Using the latest Deep Learning approaches in conjunction with mathematical and statistical analysis methods, the new tool will be accompanied by a comprehensive algorithmic strategy that will allow fine-tuning to datasets with different characteristics and implementation in different countries.
The core project team is comprised of expert data scientists and clinicians drawn from across Cambridge and is led by Professors Carola-Bibiane Schönlieb, Director of the Centre for Mathematical Imaging in Healthcare and Evis Sala, Professor of Oncological Imaging, University of Cambridge & Honorary Consultant Radiologist, Addenbrooke's Hospital, Cambridge University Hospitals NHS Foundation Trust. This team is supported by an AI and image analysis team, drawn from subject experts across Cambridge and around the world, a clinical team comprised of colleagues from hospitals in Cambridge, London and Vienna, and a support team based in the Faculty of Mathematics. Partner institutions include hospitals in Wuhan, China; Milan, Italy; and Madrid, Spain, and universities in Manchester, Vienna and London.
The University of Cambridge has an impressive record of achievement in multidisciplinary research and innovation. The CMIH is a collaboration between mathematics, engineering, physics, and biomedical scientists and clinicians and is one of 5 centres to receive investment from the Engineering and Physical Sciences Research Council (EPSRC). A key aim of this partnership is the delivery of high quality, multidisciplinary research that will help overcome some of the big challenges facing the NHS.
Philanthropy plays a vital role in supporting research in the fight against COVID-19. If you are interested in making a gift towards this project please contact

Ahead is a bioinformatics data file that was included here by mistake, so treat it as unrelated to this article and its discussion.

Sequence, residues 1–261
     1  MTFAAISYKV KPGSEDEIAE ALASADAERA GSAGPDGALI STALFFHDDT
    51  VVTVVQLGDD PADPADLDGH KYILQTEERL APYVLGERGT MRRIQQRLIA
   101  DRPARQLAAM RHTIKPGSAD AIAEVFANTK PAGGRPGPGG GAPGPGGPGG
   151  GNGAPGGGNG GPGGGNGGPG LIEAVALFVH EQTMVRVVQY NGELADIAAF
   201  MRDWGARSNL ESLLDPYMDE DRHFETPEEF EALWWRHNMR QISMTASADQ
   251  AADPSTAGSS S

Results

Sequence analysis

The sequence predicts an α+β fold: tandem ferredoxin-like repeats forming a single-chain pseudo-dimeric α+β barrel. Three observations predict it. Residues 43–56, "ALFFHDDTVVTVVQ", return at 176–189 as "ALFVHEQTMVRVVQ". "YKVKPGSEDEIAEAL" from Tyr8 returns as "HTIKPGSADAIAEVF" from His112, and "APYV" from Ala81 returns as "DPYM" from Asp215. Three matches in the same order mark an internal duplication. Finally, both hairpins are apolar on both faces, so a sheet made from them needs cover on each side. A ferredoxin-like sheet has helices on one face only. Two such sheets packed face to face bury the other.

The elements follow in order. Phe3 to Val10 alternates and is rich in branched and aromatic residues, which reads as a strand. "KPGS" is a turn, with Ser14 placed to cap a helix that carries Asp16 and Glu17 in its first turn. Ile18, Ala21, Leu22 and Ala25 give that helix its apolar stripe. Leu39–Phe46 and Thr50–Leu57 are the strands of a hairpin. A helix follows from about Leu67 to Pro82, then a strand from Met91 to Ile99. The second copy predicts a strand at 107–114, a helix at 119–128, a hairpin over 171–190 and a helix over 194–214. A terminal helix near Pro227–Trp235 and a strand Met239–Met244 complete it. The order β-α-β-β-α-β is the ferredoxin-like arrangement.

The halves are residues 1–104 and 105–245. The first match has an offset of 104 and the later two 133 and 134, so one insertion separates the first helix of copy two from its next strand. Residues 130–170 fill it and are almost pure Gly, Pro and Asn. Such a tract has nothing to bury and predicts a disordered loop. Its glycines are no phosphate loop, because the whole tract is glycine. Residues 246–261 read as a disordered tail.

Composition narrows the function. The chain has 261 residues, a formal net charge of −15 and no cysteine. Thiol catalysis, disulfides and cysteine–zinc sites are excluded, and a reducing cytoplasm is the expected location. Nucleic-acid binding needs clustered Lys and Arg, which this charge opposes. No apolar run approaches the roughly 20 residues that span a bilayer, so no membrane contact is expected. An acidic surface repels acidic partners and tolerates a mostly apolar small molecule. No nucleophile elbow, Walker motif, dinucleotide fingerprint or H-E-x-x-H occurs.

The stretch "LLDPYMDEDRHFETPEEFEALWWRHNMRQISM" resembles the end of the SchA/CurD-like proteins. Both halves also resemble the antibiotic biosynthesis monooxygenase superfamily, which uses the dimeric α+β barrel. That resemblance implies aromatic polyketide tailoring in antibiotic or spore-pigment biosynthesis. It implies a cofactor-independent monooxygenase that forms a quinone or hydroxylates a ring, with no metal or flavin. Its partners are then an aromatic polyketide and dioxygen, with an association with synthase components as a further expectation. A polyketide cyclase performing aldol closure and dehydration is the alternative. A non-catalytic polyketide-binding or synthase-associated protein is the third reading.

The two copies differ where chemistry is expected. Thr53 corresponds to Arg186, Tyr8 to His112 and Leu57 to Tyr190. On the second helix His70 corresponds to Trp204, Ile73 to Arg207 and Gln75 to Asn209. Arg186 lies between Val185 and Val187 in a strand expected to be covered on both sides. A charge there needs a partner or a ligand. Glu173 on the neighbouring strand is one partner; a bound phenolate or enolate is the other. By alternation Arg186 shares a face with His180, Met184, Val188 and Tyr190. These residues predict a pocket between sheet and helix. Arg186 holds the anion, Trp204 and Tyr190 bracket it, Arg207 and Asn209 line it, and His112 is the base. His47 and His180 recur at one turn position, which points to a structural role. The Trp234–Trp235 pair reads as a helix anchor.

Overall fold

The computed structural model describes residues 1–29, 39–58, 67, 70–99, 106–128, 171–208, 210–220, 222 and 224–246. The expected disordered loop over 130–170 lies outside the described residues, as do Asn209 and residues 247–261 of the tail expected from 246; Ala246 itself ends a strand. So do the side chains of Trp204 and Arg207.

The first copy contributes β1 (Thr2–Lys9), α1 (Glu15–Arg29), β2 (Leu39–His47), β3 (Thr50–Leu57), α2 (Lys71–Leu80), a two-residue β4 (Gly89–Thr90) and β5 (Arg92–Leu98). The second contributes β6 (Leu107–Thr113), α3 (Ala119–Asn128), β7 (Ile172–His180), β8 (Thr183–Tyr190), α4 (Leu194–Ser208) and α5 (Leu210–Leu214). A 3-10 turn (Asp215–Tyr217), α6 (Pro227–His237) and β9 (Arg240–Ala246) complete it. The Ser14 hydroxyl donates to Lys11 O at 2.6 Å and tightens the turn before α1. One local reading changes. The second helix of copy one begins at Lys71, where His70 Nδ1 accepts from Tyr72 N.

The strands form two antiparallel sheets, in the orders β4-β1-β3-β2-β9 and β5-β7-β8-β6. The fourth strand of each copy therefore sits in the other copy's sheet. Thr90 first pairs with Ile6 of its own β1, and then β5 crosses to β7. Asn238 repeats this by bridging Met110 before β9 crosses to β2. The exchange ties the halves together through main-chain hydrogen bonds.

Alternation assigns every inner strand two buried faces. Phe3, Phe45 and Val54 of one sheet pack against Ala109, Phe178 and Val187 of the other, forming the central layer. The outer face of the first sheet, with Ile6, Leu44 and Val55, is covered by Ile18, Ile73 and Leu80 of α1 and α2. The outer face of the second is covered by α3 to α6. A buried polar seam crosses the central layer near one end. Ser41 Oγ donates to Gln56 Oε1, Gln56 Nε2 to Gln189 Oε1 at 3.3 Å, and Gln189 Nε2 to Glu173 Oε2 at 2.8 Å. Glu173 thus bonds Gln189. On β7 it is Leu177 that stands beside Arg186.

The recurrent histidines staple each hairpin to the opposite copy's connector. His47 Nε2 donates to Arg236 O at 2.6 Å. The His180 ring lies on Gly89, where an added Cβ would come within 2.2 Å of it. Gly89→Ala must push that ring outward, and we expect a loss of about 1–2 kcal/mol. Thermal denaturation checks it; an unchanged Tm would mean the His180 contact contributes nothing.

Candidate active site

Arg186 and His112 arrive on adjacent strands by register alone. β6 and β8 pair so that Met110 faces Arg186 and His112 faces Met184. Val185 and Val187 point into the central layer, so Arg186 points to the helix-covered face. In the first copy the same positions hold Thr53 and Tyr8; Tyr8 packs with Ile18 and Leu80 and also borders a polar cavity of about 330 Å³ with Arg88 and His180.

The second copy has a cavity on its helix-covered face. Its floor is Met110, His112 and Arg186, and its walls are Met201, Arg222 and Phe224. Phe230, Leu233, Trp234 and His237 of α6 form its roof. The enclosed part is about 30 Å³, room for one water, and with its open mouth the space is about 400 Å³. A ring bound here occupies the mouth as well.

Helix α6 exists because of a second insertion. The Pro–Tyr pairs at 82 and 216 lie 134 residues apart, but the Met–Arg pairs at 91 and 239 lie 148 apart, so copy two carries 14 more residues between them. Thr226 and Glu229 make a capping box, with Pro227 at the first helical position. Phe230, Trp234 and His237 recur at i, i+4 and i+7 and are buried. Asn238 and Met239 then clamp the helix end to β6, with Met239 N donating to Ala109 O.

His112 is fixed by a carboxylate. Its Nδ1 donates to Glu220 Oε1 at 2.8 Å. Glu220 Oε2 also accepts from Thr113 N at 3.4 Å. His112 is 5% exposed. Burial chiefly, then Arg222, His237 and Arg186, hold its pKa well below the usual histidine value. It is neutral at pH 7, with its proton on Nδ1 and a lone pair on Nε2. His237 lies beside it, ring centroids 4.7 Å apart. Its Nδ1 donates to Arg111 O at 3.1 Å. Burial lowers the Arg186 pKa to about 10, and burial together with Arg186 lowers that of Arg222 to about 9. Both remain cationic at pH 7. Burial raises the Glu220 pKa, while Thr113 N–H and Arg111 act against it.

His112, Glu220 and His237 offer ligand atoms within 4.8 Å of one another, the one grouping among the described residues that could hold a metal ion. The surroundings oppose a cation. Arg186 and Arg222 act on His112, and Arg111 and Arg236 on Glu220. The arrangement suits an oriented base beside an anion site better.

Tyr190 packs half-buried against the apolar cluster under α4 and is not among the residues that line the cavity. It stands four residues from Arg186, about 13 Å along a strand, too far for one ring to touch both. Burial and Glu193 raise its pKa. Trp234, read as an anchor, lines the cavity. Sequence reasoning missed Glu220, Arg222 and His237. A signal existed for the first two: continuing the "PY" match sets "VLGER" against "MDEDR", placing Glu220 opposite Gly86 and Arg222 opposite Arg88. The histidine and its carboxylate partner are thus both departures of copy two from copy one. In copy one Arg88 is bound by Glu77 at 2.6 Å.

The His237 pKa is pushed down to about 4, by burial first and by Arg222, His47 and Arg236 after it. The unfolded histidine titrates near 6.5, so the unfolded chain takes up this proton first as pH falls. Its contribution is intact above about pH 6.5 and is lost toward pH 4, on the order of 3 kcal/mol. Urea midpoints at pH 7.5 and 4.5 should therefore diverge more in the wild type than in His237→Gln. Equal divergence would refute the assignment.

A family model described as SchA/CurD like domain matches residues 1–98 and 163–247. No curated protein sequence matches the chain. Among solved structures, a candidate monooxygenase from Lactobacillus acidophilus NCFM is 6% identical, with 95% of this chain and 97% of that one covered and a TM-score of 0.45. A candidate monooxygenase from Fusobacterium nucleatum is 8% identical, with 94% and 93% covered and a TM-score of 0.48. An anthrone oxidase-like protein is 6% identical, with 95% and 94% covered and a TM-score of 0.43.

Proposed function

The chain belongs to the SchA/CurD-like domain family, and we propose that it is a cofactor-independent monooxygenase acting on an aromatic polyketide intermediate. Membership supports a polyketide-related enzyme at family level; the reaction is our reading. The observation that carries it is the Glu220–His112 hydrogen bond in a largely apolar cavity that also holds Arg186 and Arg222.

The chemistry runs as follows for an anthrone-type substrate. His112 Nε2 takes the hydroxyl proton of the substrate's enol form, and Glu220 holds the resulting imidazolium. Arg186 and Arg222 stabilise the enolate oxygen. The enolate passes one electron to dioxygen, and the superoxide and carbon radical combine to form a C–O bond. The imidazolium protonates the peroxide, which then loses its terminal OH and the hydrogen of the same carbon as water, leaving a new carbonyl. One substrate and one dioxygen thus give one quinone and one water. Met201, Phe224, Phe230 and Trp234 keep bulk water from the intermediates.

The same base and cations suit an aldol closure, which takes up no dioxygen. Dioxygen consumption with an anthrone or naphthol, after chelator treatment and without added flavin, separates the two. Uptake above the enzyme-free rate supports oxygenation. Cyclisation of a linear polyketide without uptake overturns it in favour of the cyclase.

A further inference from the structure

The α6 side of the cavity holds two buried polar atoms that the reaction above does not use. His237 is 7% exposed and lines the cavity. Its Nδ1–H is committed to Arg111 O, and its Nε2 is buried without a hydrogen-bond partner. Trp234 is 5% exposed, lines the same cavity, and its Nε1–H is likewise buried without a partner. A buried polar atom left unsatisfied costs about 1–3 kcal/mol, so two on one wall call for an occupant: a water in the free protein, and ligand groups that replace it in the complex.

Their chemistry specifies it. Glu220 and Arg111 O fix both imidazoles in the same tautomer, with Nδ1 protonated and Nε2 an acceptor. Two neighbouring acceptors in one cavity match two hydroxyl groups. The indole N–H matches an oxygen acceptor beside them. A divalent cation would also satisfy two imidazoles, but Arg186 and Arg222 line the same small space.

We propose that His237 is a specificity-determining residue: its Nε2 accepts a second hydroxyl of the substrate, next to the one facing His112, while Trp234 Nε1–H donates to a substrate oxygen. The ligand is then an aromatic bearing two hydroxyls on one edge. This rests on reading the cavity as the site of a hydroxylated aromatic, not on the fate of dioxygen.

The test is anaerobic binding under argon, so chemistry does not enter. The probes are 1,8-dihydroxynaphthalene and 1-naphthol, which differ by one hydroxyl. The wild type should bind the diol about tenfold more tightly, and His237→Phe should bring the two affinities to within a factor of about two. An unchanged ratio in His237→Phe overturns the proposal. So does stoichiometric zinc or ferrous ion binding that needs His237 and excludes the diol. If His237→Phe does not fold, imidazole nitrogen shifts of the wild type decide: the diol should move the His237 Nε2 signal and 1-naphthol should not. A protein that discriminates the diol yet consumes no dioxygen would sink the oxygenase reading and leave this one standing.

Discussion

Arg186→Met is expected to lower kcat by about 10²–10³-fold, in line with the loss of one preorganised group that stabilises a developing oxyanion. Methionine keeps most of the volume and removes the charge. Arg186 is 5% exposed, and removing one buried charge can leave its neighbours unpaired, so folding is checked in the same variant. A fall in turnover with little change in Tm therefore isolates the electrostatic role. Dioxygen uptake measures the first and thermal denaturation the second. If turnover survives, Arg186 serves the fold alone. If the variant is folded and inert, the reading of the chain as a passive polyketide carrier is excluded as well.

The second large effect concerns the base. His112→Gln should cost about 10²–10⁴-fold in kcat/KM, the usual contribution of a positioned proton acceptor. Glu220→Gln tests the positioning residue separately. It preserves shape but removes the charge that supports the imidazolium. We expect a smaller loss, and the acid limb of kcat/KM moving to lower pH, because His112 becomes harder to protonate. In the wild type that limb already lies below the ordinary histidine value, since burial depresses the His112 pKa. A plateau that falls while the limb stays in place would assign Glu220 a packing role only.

+44 (0)1223 330112 or mobile: +44 (0)7711 500332
Glossary of terms
Clinical data: including age, sex, temperature, time since symptoms start and PO2 (Partial Pressure of Oxygen). PO2 reflects the amount of oxygen gas dissolved in the blood. It primarily measures the effectiveness of the lungs in pulling oxygen into the bloodstream from the atmosphere.
RT-PCR test: a test that can extract, amplify and detect the virus’ genetic code.
False-negative: when a test improperly indicates no presence of a condition.
Open-source: software for which the original source code is made freely available and may be studied, redistributed and modified.
Inherent bias: the effect of underlying factors or assumptions that skew viewpoints of a subject under discussion.
Deep learning: machine learning based on artificial neural networks that are trained to process data and create patterns for use in decision making.
This opportunity is part of
Philanthropic giving is at the heart of the success of the Collegiate University, enabling us to make discoveries that change the world and to ensure that our students receive an unrivalled education. Cambridge owes its world-leading excellence in research and teaching to the generosity of its supporters. Our history is synonymous with a history of far-sighted benefaction, and the same is as true today as it has ever been.
Philanthropic giving is at the heart of the success of the Collegiate University, enabling us to make discoveries that change the world and to ensure that our students receive an unrivalled education.